reasonable estimate (i.e. not too high which often
                        indicates a penalty, courts don’t throw out LD for
                        being too low)
                (2)     Parties reasonably expect that calculation of actual
                        damages is very difficult or impossible (i.e. no clear
                        market)
          c)    Ex ante approach used, although ex post results may be
                used to show ex ante unreasonableness.
                Hypo - A agrees to paint B’s house for $10,000 with
                $150,000 express damages clause. 150,000=probably
                unreasonable unless clear value to promisee ex ante (i.e.
                Bill Gates needs to see house). But is ex post Gates never
                showed up this is further proof of unreasonableness of
                150K.
          d)    Liquidated damages logically precludes mitigation
          e)    Can see this as LD as discouraging efficient breach
                Hypo – Abel, painter would have to spend 12K, market
                price 11K, contract price 10K, LD provision 5K.
                   Expectancy = 1K and Abel breaches efficiently.
                   Liquidated, Abel will:
                             o Perform and lose 2K (1K more than expec.)
                                         o Negotiate with Baker between 1K and 2K
                                             for release (but negotiation is costly)
                                         o Clearly he won’t pay 5K
                    f)     Kemble (174) — [Comedian refuses to perform, contract
                           contains liquidated damages clause] Since LD were for
                           any breach (no matter how slight) LD seen as non-
                           enforceable penalty clause
                    g)     Wassenaar v. Towne Hotel (176) — [Employment
                           contract contains liquidated damages clause] Employer
                           does not show that ex post damages are significantly
                           different from liquidated damages, therefore LD valid.
                    h)     Restatement (185)
                           (1)      §355 Punitive Damages — Not recoverable for
                                    breach unless it is also a tort for which punitive
                                    damages are recoverable.
                           (2)      §356 Liquidated Damages and Penalties —
                                    Allowed when amount is reasonable proof of loss is
                                    difficult.
                    i)     Lake River Corp. v, Carborundum Co, (186) — Posner
                           argues that parties will weigh gains against costs when
                           determining liquidated damages. Refusing to enforce
                           penalty clauses is paternalistic.
                    j)     Hypo - Contractor agrees to build roller coaster (set to open
                           on specific day) for amusement park, park begins to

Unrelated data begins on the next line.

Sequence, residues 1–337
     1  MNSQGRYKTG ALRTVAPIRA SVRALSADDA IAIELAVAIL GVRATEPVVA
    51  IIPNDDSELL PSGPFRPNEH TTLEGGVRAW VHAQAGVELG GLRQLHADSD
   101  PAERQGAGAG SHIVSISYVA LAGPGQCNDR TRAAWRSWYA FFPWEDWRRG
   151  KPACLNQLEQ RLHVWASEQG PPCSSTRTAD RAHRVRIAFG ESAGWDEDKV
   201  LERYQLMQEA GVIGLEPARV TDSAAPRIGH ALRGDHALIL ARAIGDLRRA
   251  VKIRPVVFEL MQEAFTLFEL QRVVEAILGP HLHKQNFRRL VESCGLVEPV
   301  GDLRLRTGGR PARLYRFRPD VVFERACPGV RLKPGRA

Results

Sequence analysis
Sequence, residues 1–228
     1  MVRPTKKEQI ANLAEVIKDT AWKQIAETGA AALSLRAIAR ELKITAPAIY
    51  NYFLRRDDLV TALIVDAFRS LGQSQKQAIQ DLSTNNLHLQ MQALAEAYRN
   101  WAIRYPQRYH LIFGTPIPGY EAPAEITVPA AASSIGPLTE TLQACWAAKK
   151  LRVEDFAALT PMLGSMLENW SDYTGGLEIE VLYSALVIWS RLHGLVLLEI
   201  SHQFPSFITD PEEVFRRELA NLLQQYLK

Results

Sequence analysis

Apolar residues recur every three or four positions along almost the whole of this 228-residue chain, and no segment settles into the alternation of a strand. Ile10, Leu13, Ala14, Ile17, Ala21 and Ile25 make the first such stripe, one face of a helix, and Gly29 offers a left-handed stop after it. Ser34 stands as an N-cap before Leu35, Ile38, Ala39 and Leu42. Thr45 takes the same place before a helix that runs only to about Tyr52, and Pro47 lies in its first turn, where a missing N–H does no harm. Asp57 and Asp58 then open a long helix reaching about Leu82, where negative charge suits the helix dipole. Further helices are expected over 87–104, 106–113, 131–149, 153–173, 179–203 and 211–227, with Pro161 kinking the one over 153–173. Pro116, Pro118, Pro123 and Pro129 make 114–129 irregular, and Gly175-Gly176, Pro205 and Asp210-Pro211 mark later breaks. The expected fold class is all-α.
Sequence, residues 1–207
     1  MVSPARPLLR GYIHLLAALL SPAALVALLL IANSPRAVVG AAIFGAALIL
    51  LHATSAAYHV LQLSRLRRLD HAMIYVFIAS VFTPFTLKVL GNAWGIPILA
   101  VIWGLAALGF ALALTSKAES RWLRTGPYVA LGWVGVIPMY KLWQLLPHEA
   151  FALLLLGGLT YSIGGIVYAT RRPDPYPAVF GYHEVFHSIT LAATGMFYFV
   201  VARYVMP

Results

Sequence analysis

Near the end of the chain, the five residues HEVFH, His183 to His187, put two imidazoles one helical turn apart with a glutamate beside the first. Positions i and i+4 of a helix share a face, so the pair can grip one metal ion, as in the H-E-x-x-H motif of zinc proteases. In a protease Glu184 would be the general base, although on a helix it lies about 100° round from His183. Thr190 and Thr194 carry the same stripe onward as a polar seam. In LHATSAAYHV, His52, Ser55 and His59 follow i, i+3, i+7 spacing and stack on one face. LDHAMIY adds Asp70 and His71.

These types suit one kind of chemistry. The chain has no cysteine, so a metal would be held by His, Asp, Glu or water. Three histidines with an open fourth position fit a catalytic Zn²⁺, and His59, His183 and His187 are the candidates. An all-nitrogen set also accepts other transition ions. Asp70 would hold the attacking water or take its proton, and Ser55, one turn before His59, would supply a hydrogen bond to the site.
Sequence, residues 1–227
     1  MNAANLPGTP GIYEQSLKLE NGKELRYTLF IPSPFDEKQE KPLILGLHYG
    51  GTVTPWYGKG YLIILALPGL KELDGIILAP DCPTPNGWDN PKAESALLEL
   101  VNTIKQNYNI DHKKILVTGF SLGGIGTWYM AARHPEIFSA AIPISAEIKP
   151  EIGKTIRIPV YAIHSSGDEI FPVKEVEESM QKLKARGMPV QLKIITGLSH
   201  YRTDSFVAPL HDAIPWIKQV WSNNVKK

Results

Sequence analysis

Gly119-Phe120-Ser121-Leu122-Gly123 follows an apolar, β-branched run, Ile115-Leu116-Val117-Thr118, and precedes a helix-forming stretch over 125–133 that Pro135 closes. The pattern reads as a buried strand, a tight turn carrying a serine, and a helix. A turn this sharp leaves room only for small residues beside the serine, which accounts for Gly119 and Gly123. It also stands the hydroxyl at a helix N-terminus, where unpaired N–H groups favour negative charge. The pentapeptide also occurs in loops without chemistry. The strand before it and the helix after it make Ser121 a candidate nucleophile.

advertise. Without liquidated damages, park will advertise
                           freely since cost would fall on builder. Builder will take a
                           lot of precautions to insure construction on time – and then
                           this raises the contract price. So park bought a coaster that
                           is much more expensive that they wanted. Imagine what
                           owner of both would do (joint wealth maximization) -
                           maximize profits by figuring out what combination of
                           advertising/construction is wisest given the revenue that
                           would come in. Well-designed LD clauses can do just that.

II.   Other Remedies and Causes of Action
      A.    SPECIFIC PERFORMANCE AND INJUNCTIONS
            1.    Specific performance as alternative to expectancy damages, the
                  exception rather than the rule – used for land or unique personal
                  property. Not granted for ordinary personal property or services.
                  a)     NOTE there is a trivial investment in seller’s performance
                         (not making them paint a house, just returning item)
            2.    Contracts for Land
                  a)     Loveless v. Diehl (217) — [Purchase and resale of land,
                         similar to Tongish] Specific performance because contract
                         for land, regardless of further contractual dealings.
            3.    Contracts for Goods
            a)    Cumbest (223) — [Sale of a unique stereo, assembled over
                  a long period of time with pieces that cannot easily be
                  replaced] Specific performance because item is very
                  sentimental and cannot be replaced – personal property
                  needs to be examined for its uniqueness.
                  (1)     Normally SP is bad cause want efficient breach –